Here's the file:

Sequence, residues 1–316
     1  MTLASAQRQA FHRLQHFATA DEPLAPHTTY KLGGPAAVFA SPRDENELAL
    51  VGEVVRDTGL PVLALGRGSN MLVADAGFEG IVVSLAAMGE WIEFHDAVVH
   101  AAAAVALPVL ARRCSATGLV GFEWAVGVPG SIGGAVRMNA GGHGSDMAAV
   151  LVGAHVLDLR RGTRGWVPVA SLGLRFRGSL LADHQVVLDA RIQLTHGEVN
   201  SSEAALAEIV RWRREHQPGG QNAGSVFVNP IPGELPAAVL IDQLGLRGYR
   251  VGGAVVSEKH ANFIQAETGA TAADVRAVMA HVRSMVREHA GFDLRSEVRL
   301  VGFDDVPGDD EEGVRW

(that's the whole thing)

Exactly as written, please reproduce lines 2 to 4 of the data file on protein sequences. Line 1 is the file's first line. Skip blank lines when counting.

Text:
     1  MTLASAQRQA FHRLQHFATA DEPLAPHTTY KLGGPAAVFA SPRDENELAL
    51  VGEVVRDTGL PVLALGRGSN MLVADAGFEG IVVSLAAMGE WIEFHDAVVH
   101  AAAAVALPVL ARRCSATGLV GFEWAVGVPG SIGGAVRMNA GGHGSDMAAV